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ISIL declares 'caliphate' as Iraq presses counter-offensive

BAGHDAD - The ISIL jihadists whose sweeping Sunni militant offensive has captured swathes of Iraq have declared an "Islamic caliphate" in their territory as Iraqi forces battle to retake Saddam Hussein's hometown Tikrit.

The Islamic State of Iraq and the Levant (ISIL) on Sunday announced it was establishing a "caliphate" - an Islamic form of government last seen under the Ottoman Empire - extending from Aleppo in northern Syria to Diyala in Iraq, the regions where ISIL has fought against the regimes in power.

In an audio recording distributed online, ISIL declared its chief Abu Bakr al-Baghdadi "the caliph" and "leader for Muslims everywhere".

Though the move may not have a significant impact on the ground, it is an indicator of the group's confidence.

The crisis in Iraq is said to rival the brutal sectarian war of 2006-2007, with more than 1,000 killed and hundreds of thousands displaced within weeks.

Alarmed world leaders have urged a speeding up of government formation following April elections, warning the conflict cannot be resolved by force alone.

Battle for Tikrit

While beleaguered Prime Minister Nuri al-Maliki has conceded a political solution is necessary, his office has for days touted the Tikrit operation, which could be crucial tactically, and for morale in the security forces.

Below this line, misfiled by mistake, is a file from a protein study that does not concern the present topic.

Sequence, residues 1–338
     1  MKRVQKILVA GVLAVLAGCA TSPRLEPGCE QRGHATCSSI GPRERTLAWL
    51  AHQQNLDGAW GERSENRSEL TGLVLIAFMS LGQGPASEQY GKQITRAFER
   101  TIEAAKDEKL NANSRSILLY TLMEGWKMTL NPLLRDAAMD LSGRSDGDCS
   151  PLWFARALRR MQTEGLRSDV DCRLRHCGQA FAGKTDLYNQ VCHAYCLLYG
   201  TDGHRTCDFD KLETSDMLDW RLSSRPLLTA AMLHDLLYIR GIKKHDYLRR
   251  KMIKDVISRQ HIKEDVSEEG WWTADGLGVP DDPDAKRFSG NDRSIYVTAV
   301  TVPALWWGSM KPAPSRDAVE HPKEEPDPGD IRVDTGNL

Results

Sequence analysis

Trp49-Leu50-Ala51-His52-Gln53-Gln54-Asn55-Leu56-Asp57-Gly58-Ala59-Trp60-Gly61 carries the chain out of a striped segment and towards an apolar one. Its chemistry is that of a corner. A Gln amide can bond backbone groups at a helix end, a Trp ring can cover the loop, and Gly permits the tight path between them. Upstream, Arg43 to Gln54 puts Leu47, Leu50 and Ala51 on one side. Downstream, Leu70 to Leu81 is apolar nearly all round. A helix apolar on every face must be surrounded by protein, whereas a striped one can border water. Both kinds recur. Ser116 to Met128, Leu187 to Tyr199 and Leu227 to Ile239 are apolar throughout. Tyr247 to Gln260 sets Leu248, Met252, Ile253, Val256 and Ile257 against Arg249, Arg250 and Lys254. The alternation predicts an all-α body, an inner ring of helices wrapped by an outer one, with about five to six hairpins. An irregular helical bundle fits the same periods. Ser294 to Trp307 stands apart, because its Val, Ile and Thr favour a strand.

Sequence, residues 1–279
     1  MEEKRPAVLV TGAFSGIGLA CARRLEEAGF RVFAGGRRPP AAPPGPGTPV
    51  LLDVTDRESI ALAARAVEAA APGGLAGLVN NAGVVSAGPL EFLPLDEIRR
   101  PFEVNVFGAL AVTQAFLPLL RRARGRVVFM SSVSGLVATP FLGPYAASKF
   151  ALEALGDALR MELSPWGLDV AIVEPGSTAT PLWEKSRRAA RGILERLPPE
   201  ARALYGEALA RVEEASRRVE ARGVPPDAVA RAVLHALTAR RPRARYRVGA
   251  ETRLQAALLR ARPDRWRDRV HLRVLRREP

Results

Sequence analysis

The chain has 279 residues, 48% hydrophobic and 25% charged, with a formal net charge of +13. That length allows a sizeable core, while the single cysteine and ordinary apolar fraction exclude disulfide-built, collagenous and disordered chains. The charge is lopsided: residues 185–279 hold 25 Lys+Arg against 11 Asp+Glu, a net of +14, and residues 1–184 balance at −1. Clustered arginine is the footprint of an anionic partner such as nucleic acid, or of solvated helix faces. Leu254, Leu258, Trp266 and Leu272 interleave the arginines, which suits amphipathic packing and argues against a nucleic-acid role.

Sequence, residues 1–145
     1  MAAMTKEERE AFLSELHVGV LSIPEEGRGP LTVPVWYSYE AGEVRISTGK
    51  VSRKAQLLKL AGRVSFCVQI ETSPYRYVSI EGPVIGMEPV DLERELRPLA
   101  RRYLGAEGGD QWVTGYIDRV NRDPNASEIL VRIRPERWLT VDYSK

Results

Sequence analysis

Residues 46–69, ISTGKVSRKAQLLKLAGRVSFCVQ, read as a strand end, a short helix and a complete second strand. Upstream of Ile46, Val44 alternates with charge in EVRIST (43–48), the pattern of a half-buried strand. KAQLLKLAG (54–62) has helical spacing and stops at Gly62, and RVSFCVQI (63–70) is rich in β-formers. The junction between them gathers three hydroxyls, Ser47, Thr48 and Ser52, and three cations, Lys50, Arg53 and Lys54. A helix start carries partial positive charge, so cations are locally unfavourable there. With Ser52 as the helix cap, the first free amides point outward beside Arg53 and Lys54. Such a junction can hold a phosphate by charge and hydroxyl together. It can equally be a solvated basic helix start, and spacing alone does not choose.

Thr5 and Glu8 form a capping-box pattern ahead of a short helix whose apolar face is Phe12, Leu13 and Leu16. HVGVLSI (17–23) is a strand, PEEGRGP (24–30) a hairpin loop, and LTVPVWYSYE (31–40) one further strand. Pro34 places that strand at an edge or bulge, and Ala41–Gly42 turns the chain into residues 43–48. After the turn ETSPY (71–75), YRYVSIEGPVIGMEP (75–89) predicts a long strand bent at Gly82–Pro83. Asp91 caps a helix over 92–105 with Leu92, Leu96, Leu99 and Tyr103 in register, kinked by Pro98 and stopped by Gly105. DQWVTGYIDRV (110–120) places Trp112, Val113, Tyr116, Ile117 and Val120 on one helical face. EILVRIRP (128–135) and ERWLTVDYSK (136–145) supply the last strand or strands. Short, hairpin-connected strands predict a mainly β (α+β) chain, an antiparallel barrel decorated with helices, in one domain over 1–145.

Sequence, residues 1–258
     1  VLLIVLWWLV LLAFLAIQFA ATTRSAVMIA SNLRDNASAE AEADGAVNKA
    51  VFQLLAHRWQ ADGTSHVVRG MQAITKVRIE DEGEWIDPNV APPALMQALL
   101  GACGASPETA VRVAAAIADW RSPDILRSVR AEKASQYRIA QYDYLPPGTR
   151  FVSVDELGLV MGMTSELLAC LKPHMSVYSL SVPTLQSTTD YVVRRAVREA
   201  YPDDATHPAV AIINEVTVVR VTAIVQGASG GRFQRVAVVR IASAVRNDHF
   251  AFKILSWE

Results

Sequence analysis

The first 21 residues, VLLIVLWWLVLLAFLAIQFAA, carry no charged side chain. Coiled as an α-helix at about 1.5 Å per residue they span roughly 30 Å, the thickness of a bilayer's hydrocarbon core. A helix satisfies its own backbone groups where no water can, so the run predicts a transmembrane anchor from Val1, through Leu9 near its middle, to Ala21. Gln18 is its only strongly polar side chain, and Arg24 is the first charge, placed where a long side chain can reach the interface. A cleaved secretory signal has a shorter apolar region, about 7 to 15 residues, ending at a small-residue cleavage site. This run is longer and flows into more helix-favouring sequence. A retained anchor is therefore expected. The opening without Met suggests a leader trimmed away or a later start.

"The security forces are advancing from different areas" around Tikrit, said Lieutenant General Qassem Atta. "There are ongoing clashes."

Atta said troops had detonated bombs planted along routes into the city, which militants took more than two weeks ago.

Witnesses reported waves of government air strikes in central Tikrit and Saddam's former palace compound in the city.

The Iraqi forces, according to Atta, are coordinating with recently-arrived US military advisers in "studying important targets".

Maliki's national reconciliation adviser, Amr Khuzaie, said the crisis was even more dangerous than the brutal Sunni-Shiite violence that left tens of thousands dead.

"Now, the danger is definitely more... than 2006, 2007," he told AFP.

Before, militant groups sparked a "sectarian war, but now (the) war is more organised" and the militants' abilities were greater.

UN Secretary General Ban Ki-moon has raised grave concern about human rights violations and "the rising number of civilian deaths and injuries, with over one million Iraqis having fled their homes due to the fighting", his spokesman said.

'New era of jihadism'

The onslaught that ISIL led this month overran parts of five Iraqi provinces after capturing the Syrian province of Deir Ezzor near Iraq, Raqa in the north, and parts of Aleppo province.

Its leader Baghdadi, who once spent time in an American military prison in Iraq, is touted within ISIL as a battlefield tactician, and is increasingly seen as even more powerful than Al-Qaeda leader Ayman al-Zawahiri.

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 Over 1,200 Chinese workers relocated in Iraq: Xinhua 
In this file photo taken Sunday, June 22, a fighter, third from right, with the al-Qaida-inspired Islamic State of Iraq and the Levant (ISIL) distributes copies of the Quran, Islam's holy book, to local residents in central northern city of Mosul, 225 miles (360 kilometers) northwest of Baghdad, Iraq.

(AP)

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